The Australian National University (ANU) reversed its decision to deduct grades from around 300 computer science students because of suspected plagiarism within the cohort.

In an email to members of a third-year algorithms class on Tuesday night, the directors of the School of Computer Science apologised "for the confusion and any distress" caused by a message the course convener sent to students on Monday regarding their grades.

In that message on the class' Piazza site, the course convener suggested students would all lose 30 per cent of the final grade as a "penalty" for apparent mass-plagiarism.

"We recognise that the message lacked precision and should have been clearer," the School of Computer Science said in its email.

"It is our intention to learn from this and do better in future.

"We also apologise for creating the impression that we have administered a group punishment.

"We have not done so, and will not be doing so."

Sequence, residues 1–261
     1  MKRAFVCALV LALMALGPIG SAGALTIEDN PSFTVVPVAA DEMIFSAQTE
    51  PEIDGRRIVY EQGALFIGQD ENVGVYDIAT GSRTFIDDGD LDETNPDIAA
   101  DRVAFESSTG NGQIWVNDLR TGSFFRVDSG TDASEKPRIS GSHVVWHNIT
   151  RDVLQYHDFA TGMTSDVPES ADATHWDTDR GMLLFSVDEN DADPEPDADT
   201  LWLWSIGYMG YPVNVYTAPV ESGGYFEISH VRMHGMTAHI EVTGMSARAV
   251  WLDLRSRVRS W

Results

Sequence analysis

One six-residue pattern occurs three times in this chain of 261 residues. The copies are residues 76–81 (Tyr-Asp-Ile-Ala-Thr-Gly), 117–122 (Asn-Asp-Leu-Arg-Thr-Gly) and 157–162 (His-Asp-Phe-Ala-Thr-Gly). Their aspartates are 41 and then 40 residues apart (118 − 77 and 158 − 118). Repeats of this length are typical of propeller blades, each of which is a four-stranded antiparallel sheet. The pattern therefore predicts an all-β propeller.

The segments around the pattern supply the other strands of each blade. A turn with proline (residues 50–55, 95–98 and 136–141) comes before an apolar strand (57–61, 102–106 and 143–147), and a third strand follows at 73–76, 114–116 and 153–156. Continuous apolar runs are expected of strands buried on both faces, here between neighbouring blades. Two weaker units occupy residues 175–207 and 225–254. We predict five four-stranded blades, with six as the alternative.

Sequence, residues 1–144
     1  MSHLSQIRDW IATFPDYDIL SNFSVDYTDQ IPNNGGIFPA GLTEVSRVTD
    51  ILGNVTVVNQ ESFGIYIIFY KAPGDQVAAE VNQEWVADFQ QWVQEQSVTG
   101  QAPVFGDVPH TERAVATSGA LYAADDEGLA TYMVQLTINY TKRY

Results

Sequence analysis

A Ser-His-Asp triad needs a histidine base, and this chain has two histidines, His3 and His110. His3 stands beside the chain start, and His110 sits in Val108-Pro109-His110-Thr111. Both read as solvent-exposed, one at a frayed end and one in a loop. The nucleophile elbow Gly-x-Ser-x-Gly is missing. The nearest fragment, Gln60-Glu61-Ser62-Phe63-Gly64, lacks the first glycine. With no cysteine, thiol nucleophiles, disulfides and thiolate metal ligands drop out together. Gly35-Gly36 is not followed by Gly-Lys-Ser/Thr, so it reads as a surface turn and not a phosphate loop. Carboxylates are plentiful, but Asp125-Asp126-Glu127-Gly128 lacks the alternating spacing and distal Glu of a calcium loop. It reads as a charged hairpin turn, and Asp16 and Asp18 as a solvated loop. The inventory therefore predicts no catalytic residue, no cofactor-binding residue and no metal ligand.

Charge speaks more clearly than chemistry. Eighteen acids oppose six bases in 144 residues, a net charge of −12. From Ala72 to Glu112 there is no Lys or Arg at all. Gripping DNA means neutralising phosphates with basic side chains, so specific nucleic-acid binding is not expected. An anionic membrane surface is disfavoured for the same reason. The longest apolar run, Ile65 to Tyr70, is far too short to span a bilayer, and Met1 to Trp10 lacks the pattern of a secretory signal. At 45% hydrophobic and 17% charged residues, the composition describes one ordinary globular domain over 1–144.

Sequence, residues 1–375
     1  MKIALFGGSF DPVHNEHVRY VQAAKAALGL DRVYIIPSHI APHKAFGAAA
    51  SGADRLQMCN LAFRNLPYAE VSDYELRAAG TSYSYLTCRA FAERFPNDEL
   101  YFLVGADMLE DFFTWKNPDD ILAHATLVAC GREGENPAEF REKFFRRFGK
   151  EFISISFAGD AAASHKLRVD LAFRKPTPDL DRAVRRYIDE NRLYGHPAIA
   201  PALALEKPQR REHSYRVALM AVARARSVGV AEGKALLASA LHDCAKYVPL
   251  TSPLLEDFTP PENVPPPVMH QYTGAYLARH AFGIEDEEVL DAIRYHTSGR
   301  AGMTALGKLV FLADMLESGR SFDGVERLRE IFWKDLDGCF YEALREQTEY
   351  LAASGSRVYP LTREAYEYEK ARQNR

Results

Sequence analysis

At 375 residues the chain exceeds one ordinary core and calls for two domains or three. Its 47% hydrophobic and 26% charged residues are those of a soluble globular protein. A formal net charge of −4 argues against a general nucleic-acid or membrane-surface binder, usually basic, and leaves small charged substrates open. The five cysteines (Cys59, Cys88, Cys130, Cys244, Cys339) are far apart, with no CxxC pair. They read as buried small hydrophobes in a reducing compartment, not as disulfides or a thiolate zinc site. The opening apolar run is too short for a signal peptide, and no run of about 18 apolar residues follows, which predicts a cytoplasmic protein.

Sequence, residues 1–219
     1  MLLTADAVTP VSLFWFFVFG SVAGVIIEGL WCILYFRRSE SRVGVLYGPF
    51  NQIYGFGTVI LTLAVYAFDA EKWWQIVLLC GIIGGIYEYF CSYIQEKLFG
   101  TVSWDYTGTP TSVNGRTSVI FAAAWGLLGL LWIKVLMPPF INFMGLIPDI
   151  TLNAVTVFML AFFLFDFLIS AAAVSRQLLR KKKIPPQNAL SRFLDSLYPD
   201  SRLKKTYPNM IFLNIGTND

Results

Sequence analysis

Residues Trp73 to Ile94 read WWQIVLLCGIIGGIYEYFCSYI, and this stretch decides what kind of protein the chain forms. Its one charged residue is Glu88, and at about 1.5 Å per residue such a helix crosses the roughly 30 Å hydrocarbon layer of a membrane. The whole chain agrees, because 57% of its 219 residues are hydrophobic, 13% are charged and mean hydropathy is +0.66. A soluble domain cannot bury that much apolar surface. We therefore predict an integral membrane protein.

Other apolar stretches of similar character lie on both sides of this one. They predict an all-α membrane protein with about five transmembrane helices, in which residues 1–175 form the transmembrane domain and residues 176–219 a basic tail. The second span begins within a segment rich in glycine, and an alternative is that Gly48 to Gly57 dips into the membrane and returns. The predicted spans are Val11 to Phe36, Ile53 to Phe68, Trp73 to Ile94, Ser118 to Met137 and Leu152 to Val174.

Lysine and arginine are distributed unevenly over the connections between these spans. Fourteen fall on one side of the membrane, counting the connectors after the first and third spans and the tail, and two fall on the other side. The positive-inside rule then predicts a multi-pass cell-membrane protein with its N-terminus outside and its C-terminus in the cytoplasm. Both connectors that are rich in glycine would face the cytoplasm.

The school also clarified the original situation, saying that it had noticed the marks for the class's final project to be "unusually skewed".

To compensate, the university applied what it called "standard measures of adjustment" to the entire class – effectively scaling down everybody's results.

"As a separate issue, there was also evidence noted of wide-spread academic misconduct for the assignment," the school said.

"Nonetheless, in order to alleviate any possible suspicion of the connection between routine mark adjustments and the detection of wide-spread academic misconduct, we are reinstating the original marks for this assessment for all students."

President of the ANU Computer Science Students’ Association, Felix Friedlander – who contacted the school following complaints about its initial messaging – welcomed the university's decision.

"This incident has highlighted how in the face of rampant academic misconduct, even routine measures like scaling can become a punishment on honest students, and how important it is that suspicions of academic misconduct are investigated – fairly," he said.

"For now, though, this seems like a positive outcome for the students in that course, and I appreciate the school resolving this matter promptly, even so close to the end-of-year shutdown."